A lot or a little?
The parents' guide to what's in this movie.
What parents need to know
Parents need to know that Barney: A Super Dee-Duper Day is a short movie starring Barney the purple dinosaur that explores different ways of playing. This sports-focused DVD encourages kids to get up and play with a focus on fun, simple games and toys such as balls. A character with special needs also is introduced, and her mom teaches the other kids how to help those who don't find it easy making new friends or joining in on games.
- Parents say
- Kids say
Show this to your kids not when you think they're old enough, when you think they are MATURE enough!
What's the story?
Barney (Dean Wendt) and friends decide to have a sports day and start their competition by learning about the importance of warming up your muscles. Baby Bop (Julie Johnson) meets a new friend, Jill, and wants her to join in on the games. But Jill, who is very shy, is uncomfortable talking with kids she doesn't know. Jill's mom teaches Baby Bop that finding a game you both feel comfortable playing and saying exactly what you want helps some kids feel more comfortable. After the sports day, Barney helps B.J. solve the mystery of the missing balls the kids were trying to play with.
Is it any good?
Fans of sports and Barney lovers no doubt will enjoy BARNEY: A SUPER DEE-DUPER DAY. There's a lot of talk about exercise, with some fun songs that encourage kids to get up and move. And parents no doubt will love the push Barney gives for simple, imaginative toys such as balls. The segment on accommodating kids with special needs during playtime is especially well done and gives kids actionable tips on how to include everyone in games.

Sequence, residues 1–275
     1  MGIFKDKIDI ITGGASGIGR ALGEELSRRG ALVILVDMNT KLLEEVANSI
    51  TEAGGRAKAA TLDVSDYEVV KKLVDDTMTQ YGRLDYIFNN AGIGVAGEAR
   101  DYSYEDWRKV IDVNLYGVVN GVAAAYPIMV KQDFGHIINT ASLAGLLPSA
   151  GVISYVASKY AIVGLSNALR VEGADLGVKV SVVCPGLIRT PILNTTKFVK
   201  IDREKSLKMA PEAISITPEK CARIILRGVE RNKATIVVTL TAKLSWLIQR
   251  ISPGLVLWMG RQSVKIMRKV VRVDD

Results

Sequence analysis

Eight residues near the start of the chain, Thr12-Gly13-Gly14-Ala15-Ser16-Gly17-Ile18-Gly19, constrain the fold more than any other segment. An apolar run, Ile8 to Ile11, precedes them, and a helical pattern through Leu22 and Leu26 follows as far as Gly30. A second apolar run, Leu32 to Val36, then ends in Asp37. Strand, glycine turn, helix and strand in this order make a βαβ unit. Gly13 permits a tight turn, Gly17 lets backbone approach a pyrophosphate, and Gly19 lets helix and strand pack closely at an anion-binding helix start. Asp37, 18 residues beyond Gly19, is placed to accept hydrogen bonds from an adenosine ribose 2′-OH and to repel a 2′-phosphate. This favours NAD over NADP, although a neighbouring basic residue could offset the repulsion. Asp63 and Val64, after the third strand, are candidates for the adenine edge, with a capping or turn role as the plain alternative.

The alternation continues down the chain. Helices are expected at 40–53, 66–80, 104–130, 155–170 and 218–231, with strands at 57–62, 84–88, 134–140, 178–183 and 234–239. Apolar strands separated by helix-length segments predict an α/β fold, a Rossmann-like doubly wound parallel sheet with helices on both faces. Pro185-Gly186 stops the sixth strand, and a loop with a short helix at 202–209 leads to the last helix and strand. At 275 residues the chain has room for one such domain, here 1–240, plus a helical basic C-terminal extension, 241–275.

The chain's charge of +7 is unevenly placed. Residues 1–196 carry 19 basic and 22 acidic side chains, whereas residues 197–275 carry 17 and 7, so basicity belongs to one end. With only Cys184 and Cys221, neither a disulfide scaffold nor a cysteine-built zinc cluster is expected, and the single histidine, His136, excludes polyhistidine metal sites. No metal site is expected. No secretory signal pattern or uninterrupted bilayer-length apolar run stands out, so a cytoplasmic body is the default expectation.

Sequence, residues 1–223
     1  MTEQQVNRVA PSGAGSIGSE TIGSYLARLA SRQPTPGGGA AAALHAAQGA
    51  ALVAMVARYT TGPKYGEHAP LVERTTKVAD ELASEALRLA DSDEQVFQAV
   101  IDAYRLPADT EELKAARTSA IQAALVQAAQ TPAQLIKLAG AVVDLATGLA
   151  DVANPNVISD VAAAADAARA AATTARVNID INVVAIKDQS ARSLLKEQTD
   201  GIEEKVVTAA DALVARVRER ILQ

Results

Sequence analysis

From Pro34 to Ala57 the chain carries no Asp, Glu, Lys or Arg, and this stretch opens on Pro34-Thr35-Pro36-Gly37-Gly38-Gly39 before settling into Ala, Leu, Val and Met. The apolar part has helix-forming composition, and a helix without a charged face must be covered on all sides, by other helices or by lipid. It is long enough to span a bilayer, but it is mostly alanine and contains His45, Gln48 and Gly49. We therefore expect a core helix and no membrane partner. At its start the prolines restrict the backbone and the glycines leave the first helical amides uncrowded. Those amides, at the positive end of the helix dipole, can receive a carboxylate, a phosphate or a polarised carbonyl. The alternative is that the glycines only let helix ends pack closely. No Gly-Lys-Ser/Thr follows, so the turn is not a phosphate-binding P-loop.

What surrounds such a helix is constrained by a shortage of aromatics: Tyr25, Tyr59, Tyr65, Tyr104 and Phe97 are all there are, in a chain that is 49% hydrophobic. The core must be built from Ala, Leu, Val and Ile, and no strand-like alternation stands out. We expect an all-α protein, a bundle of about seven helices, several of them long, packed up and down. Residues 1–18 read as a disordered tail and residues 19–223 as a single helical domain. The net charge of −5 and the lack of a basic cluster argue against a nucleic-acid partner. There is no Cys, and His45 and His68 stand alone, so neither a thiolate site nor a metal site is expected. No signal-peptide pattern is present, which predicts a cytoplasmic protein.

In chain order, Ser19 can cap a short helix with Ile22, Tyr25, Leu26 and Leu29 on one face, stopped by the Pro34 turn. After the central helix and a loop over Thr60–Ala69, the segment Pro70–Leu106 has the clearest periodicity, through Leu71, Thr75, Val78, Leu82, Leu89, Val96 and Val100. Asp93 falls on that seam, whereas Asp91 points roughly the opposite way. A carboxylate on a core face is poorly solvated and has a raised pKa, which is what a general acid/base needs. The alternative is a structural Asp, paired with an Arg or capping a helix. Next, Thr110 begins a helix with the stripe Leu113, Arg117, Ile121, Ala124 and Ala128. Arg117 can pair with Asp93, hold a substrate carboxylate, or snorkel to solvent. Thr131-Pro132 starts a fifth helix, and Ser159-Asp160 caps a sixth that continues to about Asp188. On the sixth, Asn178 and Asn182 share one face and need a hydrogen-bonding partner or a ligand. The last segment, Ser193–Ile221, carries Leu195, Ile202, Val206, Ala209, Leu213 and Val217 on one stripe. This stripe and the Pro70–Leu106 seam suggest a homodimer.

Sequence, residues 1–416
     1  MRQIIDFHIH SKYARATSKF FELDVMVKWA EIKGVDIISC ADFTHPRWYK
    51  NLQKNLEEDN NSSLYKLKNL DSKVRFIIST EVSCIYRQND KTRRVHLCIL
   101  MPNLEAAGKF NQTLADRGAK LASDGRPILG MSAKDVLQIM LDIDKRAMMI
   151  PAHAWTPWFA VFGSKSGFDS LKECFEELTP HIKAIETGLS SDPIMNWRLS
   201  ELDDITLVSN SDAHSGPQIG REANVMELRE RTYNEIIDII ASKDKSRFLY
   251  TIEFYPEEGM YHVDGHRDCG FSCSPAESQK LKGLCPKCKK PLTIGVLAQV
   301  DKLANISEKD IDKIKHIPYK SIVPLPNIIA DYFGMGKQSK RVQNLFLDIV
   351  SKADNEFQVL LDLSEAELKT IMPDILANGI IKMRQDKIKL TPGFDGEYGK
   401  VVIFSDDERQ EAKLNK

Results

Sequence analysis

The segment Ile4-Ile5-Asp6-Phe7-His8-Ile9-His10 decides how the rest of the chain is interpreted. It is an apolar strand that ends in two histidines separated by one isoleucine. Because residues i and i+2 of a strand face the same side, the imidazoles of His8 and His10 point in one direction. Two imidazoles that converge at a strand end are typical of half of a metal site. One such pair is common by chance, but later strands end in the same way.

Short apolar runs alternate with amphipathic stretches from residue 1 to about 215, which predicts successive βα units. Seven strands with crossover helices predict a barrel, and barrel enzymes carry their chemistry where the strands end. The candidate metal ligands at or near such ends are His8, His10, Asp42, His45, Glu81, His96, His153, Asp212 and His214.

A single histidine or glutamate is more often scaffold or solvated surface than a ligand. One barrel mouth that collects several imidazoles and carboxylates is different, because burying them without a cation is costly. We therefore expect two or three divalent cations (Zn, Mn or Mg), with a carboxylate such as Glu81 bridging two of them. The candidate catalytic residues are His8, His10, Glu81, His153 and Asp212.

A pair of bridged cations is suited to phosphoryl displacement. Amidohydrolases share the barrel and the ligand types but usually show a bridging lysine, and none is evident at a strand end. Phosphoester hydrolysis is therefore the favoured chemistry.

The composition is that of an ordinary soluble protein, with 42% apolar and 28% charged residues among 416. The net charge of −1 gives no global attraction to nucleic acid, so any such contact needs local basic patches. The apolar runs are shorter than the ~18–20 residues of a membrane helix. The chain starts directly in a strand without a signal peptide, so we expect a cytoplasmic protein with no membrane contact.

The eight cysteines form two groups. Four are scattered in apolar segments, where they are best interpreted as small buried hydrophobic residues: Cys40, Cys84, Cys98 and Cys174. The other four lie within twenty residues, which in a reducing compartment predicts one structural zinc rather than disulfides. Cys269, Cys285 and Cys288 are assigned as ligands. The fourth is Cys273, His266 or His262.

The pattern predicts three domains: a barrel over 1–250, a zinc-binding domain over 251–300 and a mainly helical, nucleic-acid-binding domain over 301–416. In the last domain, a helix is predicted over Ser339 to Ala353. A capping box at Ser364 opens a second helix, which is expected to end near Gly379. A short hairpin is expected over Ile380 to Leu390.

Kids who aren't as into active games may not be as entertained with this Barney film. The songs aren't as engaging as songs from other movies, and it drags on a bit more than usual. But the stellar messages make it worth a shot, especially for die-hard Barney fans.
Talk to your kids about ...
Families can talk about Jill, who finds it hard to talk with kids she doesn't know. How can you make it easier for kids like Jill to make friends and join in on games?
Barney teaches the kids about their five senses. What are the five senses? How do you use yours?
Barney encourages the kids to play with balls instead of remote-controlled toys. Why do you think he prefers simple toys over electronic toys? Are they better? Why, or why not?
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Common Sense Media's unbiased ratings are created by expert reviewers and aren't influenced by the product's creators or by any of our funders, affiliates, or partners.
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